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Hanging out at Hood.


Finally had the chance to get out on the new, improved, FIS approved skis last week while at Mt. Hood. I’ll start with what you’ve probably already heard or read about..

They’re a much more boring ski to ski on. You get way less out of the ski and there is almost no ‘snap’ at all. Because of this they’re way, waaay, more tiring to ski on. You can’t relax at all and have to give the skis a lot in every turn for them to do what you want.  If (big if) course setting remains the same, GS will definitely slow down a lot, potentially creating fewer injuries (tough to get less than there were last year though..).

That being said, it wasn’t as big of a change as I was expecting. Don’t get me wrong, there is a massive difference between last years’ skis and this years’ obviously, but it isn’t the catastrophic end of GS skiing a lot of people were expecting. The transition from old to new was definitely weird and frustrating at times, and as a team we kind of took this as a new collective challenge. We were constantly talking about what was working and what wasn’t, and after four days on the skis in much less than ideal conditions, I was feeling pretty solid and getting a lot of good feelings and response out of them.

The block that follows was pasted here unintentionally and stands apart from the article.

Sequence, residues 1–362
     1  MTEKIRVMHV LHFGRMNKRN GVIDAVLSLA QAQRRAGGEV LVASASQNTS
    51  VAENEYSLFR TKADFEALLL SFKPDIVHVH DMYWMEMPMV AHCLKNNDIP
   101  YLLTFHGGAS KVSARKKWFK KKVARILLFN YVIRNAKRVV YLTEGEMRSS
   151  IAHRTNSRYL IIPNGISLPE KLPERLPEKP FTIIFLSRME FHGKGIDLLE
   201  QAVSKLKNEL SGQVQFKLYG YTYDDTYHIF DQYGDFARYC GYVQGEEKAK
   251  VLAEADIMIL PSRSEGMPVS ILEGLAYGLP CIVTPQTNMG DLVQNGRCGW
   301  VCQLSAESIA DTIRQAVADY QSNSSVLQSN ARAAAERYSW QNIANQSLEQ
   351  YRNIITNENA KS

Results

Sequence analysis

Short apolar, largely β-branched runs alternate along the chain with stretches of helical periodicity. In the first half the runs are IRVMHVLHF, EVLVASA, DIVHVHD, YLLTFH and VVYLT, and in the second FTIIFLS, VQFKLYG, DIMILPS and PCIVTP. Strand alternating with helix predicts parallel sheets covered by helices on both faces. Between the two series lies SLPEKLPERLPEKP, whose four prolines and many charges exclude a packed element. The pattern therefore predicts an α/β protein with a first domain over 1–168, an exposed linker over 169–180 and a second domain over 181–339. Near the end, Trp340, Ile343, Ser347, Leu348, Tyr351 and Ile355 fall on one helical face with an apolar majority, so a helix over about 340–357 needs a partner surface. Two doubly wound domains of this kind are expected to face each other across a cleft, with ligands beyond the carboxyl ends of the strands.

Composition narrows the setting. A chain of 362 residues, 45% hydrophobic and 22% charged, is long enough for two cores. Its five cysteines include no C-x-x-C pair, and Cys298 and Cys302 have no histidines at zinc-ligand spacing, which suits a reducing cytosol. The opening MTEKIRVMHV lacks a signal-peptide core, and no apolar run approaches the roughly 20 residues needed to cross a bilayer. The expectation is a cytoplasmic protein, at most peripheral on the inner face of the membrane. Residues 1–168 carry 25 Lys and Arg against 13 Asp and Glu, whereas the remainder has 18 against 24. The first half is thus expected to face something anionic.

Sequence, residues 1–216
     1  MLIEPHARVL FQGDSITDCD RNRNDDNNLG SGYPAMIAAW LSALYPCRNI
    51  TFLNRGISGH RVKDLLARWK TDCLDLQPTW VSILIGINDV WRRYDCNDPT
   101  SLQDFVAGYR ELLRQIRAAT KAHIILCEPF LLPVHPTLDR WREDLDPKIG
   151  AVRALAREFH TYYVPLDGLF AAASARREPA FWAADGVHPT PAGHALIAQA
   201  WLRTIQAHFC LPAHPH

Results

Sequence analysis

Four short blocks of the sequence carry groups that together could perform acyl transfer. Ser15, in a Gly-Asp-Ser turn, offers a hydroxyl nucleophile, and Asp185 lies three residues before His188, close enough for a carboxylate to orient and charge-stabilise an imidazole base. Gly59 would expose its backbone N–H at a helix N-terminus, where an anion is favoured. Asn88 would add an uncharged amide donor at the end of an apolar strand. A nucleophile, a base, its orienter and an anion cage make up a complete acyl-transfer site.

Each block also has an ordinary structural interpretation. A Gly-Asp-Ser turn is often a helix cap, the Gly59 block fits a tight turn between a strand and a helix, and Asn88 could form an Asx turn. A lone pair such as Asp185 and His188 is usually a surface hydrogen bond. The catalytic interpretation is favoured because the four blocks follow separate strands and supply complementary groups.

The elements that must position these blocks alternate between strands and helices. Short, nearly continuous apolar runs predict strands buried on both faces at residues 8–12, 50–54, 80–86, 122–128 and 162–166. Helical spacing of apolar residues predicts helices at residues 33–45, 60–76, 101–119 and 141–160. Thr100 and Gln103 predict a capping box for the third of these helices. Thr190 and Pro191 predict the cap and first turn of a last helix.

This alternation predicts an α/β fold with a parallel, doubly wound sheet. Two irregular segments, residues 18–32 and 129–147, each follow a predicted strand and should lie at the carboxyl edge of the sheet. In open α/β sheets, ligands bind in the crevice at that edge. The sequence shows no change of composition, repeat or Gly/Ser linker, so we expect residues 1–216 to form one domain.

As newly appointed Quebec Ski Team coach Chris Powers said in his blog; fundamentals are key, especially with these new skis. You can’t get away with things you used to be able to get away with, not even close. Probably the biggest change I, and a lot of people are noticing, is how long it takes to recover from mistakes now. Where it used to take 1-3 gates to get back on line and in rhythm, it now takes much longer and you feel like a total gomer while you’re struggling to get it back!

As I said, we didn’t have anything close to ideal conditions in Hood, so I’m really looking forward to getting out to Zermatt on some hard glacier snow and ice.